Silly me. I had naively assumed that when a writer as well known and respected as Lerone Bennett Jr. came out with a provocative book arguing that Abraham Lincoln was a racist who kept more blacks in bondage than he ever emancipated, it would kick up a stir. After all, Bennett, the executive editor of Ebony and the author of such works of black history as Before the Mayflower (1962), has long been one of America's most eloquent voices on racial issues. And the target of his furious screed is perhaps the most revered figure in American history. Putting the two together seemed like a surefire recipe for controversy.
True to its billing, there is hardly a page in Forced into Glory: Abraham Lincoln's White Dream (Johnson Publishing Co.; 652 pages; $35) that won't rile Lincoln's defenders. To start with, says Bennett, Lincoln was a crude bigot who habitually used the N word and had an unquenchable thirst for blackface-minstrel shows and demeaning "darky" jokes. He supported the noxious pre-Civil War "Black Laws," which stripped African Americans of their basic rights in his native Illinois, as well as the Fugitive Slave Act, which compelled the return to their masters of those who had escaped to free soil in the North. But Bennett's main theme is that Lincoln's Emancipation Proclamation was only "a ploy" designed to keep as many slaves in bondage as possible until Lincoln could build support for his plan for ending slavery: "colonization," a preposterous scheme to ship the black population either to Africa or South America. His fondest dream, Bennett writes, was of a "lily-white America without Native Americans, African Americans and Martin Luther Kings."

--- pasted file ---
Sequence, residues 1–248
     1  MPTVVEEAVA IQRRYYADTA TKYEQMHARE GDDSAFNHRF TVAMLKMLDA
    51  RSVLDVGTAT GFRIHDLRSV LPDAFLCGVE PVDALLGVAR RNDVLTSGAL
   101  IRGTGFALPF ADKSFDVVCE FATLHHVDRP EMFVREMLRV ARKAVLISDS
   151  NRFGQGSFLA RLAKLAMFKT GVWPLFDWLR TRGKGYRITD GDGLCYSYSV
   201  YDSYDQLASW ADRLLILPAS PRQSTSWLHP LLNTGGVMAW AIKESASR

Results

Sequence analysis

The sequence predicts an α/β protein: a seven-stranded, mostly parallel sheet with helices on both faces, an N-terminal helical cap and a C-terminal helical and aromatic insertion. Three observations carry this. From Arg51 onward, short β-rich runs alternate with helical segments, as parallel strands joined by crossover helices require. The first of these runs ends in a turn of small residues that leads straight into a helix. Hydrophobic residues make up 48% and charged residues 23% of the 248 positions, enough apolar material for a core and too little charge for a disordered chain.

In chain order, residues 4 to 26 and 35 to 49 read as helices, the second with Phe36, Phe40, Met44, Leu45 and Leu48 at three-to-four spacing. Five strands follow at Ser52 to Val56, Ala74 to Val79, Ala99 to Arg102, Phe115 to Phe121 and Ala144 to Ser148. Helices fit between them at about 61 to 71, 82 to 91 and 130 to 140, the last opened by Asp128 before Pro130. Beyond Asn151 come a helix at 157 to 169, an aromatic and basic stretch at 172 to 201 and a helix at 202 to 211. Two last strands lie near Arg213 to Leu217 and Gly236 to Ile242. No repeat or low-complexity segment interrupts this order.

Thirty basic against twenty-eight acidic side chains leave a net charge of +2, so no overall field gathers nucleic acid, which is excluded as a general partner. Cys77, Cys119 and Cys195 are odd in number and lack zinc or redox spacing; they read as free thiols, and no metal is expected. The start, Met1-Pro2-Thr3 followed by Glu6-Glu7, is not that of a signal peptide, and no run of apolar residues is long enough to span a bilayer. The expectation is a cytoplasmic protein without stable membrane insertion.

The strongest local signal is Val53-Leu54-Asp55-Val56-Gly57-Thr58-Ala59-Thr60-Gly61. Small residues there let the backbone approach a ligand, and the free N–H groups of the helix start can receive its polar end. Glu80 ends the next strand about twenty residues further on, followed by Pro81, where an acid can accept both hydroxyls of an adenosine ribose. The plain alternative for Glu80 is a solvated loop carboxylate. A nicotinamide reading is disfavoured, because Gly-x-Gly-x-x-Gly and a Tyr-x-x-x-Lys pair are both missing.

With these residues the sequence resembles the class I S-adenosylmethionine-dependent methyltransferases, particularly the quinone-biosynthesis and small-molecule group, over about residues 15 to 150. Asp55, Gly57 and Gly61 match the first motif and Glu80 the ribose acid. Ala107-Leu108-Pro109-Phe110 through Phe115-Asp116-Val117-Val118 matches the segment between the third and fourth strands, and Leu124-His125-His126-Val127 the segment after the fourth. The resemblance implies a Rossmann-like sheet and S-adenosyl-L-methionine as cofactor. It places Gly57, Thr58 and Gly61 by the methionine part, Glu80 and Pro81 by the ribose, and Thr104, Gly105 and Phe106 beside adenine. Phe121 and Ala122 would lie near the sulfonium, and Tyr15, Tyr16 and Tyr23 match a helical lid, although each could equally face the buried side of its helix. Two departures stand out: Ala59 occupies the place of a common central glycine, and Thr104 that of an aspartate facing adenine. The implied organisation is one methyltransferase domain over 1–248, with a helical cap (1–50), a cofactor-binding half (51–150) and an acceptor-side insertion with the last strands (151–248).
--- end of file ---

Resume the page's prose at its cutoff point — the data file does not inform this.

These facts are not new, of course, in part because other historians have responded to a furious anti-Lincoln article Bennett wrote for Ebony in 1968 by providing less heroic profiles of the 16th President. What's new is Bennett's emphasis. As he writes, even now some white scholars tend to consign the unflattering truth about Lincoln's racist ideals to "footnotes and asides." Glory rips off the cover. And yet, since it was published in February, Glory has been met with what Bennett calls a "conspiracy of silence." By last week not a word had appeared in the book-review sections of the New York Times, the Washington Post, USA Today or even the Chicago Tribune, Bennett's hometown newspaper. Or the New York Review of Books. Or the New Yorker. What's going on here?